John: In the NFL, you don't have to look far – or far back – to find one. The recent landscape is littered with receivers who have signed big contracts only to not fit and/or not produce at their next stop. Free agency is a tough proposition at any position, but it's particularly tough at wide receiver. One reason may be that it's the free-agent position perhaps most judged on statistics. Big-name quarterbacks switch teams relatively rarely, and elite running backs aren't often signed as high-impact free agents because their career spans are relatively short. But bigger-name receivers get signed as free agents a lot and are judged as busts if they don't catch 1,000 yards worth of passes and 10 touchdowns. I'm not married to that theory, but it's something worth considering. Either way, history tells us getting a big hit at wide receiver in free agency is tough. It's why the events of mid-March will be so critical for the Jaguars and so interesting to watch.
Justin from Jacksonville Beach, FL:
Is the Senior Bowl a highly controlled, invitation only, behind-closed-doors type of event? The reason I ask is due to the recent explosion of sports blogging, how many bloggers were allowed to attend and were there many in Mobile this year?
John: The Senior Bowl is not behind-closed-doors, and the people running the event have done a nice job opening the event to bloggers and draft sites. Overall, the bloggers and draft sites also have done a nice job using the Senior Bowl as a way of building their readership and establishing themselves as pertinent sources of information. The NFL Scouting Combine has a similar dynamic. I had the chance this week, for example, to run into and speak with Big Cat country's Alfie Crow, who spent much of the week in Mobile and was able to file reports on the details of practice and which teams were talking to which players after practices. This isn't necessarily an area on which the so-called "mainstream" media is going to focus, but fans are interested and Crowe always does a good job in those areas. It's a good example of many different media having different legitimate roles at an event. This year's Senior Bowl was my first in 10 years, and having covered four or five before that, I was struck by the large number of draft sites and bloggers in attendance. I also was struck by the amount of information and – for lack of a better word – the energy their presence brought to the event, particularly on social media. It's kind of a neat thing to see, and certainly benefits the event and fans.
Jordan from San Antonio, TX:
Maybe you could help me understand something. On ESPN's "any era" team, they featured a number of great players. At No. 14 they listed Ray Rice. It would seem to me that MJD would be a better selection than Ray Rice. They're seemingly the same player and MJD personifies everything the Hall of Fame panel said about Ray, but more so. MJD has done it longer, and better than Ray Rice in my opinion. Do you see any glaring differences in the two that might warrant this decision? Aside from the fact that Rice plays in a bigger market?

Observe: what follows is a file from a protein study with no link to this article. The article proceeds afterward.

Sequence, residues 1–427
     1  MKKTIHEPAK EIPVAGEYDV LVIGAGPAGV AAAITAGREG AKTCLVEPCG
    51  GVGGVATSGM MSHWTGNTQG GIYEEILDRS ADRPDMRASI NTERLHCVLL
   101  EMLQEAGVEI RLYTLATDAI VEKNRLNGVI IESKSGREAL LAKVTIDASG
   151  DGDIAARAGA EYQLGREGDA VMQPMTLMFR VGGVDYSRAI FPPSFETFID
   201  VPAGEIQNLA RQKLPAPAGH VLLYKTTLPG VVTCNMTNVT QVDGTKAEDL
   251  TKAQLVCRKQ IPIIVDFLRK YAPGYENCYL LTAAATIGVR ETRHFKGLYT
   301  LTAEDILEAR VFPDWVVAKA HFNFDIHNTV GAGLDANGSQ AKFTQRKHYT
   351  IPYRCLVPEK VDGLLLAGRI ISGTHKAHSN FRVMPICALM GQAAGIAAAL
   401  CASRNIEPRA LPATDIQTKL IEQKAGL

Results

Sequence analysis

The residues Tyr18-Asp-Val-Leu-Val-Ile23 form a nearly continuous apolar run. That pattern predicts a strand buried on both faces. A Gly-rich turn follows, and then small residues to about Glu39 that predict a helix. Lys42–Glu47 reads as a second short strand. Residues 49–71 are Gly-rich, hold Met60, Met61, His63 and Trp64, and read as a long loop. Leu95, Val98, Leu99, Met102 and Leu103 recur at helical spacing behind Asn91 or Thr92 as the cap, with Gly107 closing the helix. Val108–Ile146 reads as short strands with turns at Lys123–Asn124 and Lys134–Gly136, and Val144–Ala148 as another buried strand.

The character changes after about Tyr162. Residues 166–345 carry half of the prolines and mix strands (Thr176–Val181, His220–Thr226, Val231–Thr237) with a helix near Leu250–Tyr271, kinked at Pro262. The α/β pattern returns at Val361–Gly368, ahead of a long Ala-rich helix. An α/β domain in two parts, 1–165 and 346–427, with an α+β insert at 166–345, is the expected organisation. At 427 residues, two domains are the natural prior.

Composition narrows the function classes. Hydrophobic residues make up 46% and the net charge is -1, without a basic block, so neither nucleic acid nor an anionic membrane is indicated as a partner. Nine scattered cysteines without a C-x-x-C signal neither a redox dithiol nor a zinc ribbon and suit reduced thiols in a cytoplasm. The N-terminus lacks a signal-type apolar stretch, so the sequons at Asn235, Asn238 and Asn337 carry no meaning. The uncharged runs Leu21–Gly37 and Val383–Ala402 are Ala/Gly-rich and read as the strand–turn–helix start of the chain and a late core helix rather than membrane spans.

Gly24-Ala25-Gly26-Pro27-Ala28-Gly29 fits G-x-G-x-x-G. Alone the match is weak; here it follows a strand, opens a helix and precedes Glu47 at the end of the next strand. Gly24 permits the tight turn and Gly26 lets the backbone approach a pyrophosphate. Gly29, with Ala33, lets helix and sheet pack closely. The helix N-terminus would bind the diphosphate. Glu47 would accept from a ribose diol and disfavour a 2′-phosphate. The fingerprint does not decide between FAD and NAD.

John: I don't know enough about the "any era" team to know why Rice was chosen over Jones-Drew. Honestly, I view such teams differently than many fans in that on the occasions when I watch them I don't worry much about who does and doesn't make them. They're entertaining and they serve their purpose – which is to occupy the mind and fill air time on television, but they're often put together by producers or other workers who rarely if ever talk to people who truly know the NFL. I think Jones-Drew is a better player than Rice and he certainly has done it for longer. Quite likely Ray Rice being in the postseason the last four seasons and on national television more has given him a higher profile. Perhaps Jones-Drew can use not being included as motivation. Beyond that, I wouldn't worry much about it.
Hunter from Duval, FL:
O-Manius Maximus, A certain national sports media site recently released a list of the top twenty players currently in the NFL who could play in any era. The two running backs were Ray Rice and Adrian Peterson. Really? Ray Rice over MO-JO? The man who knocked Shawn Merriman to the ground. Where is the love?
John: O-Hunterius Minimus, worry not about the esteemed certain national sports media site. As the previous answer indicates, they often knoweth not about which they speaketh. Sometimes, they're even a bit lazieth.
Worry not about the national media
Let's get to it . . .
Clay from Jacksonville: